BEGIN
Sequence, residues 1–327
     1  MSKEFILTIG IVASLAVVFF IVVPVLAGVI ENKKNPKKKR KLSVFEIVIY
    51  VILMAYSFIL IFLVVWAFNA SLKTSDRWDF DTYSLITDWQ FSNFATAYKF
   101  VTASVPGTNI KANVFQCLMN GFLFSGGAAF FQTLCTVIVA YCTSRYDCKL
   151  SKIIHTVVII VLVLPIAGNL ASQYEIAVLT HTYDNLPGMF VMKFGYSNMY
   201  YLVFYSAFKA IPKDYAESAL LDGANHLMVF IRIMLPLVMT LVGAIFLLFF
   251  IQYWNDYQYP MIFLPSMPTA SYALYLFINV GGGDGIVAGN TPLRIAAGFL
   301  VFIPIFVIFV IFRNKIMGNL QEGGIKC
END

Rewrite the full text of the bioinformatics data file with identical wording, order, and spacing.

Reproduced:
Sequence, residues 1–327
     1  MSKEFILTIG IVASLAVVFF IVVPVLAGVI ENKKNPKKKR KLSVFEIVIY
    51  VILMAYSFIL IFLVVWAFNA SLKTSDRWDF DTYSLITDWQ FSNFATAYKF
   101  VTASVPGTNI KANVFQCLMN GFLFSGGAAF FQTLCTVIVA YCTSRYDCKL
   151  SKIIHTVVII VLVLPIAGNL ASQYEIAVLT HTYDNLPGMF VMKFGYSNMY
   201  YLVFYSAFKA IPKDYAESAL LDGANHLMVF IRIMLPLVMT LVGAIFLLFF
   251  IQYWNDYQYP MIFLPSMPTA SYALYLFINV GGGDGIVAGN TPLRIAAGFL
   301  VFIPIFVIFV IFRNKIMGNL QEGGIKC